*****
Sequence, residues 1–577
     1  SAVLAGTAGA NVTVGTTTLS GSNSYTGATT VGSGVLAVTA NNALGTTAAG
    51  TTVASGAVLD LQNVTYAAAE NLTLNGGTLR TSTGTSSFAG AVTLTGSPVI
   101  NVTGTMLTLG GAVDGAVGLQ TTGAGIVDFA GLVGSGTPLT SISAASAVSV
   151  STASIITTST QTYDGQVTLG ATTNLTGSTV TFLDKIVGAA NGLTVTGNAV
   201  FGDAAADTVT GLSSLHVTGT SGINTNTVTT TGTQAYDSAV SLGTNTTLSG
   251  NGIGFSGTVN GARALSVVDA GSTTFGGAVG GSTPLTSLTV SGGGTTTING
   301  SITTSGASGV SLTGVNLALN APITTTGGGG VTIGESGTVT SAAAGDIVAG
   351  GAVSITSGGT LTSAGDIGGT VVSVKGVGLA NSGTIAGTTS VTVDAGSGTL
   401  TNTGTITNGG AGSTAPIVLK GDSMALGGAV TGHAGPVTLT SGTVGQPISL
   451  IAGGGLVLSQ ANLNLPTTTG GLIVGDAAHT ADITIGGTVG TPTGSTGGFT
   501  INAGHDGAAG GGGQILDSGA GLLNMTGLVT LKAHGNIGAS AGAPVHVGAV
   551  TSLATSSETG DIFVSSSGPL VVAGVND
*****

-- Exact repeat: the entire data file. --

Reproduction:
Sequence, residues 1–577
     1  SAVLAGTAGA NVTVGTTTLS GSNSYTGATT VGSGVLAVTA NNALGTTAAG
    51  TTVASGAVLD LQNVTYAAAE NLTLNGGTLR TSTGTSSFAG AVTLTGSPVI
   101  NVTGTMLTLG GAVDGAVGLQ TTGAGIVDFA GLVGSGTPLT SISAASAVSV
   151  STASIITTST QTYDGQVTLG ATTNLTGSTV TFLDKIVGAA NGLTVTGNAV
   201  FGDAAADTVT GLSSLHVTGT SGINTNTVTT TGTQAYDSAV SLGTNTTLSG
   251  NGIGFSGTVN GARALSVVDA GSTTFGGAVG GSTPLTSLTV SGGGTTTING
   301  SITTSGASGV SLTGVNLALN APITTTGGGG VTIGESGTVT SAAAGDIVAG
   351  GAVSITSGGT LTSAGDIGGT VVSVKGVGLA NSGTIAGTTS VTVDAGSGTL
   401  TNTGTITNGG AGSTAPIVLK GDSMALGGAV TGHAGPVTLT SGTVGQPISL
   451  IAGGGLVLSQ ANLNLPTTTG GLIVGDAAHT ADITIGGTVG TPTGSTGGFT
   501  INAGHDGAAG GGGQILDSGA GLLNMTGLVT LKAHGNIGAS AGAPVHVGAV
   551  TSLATSSETG DIFVSSSGPL VVAGVND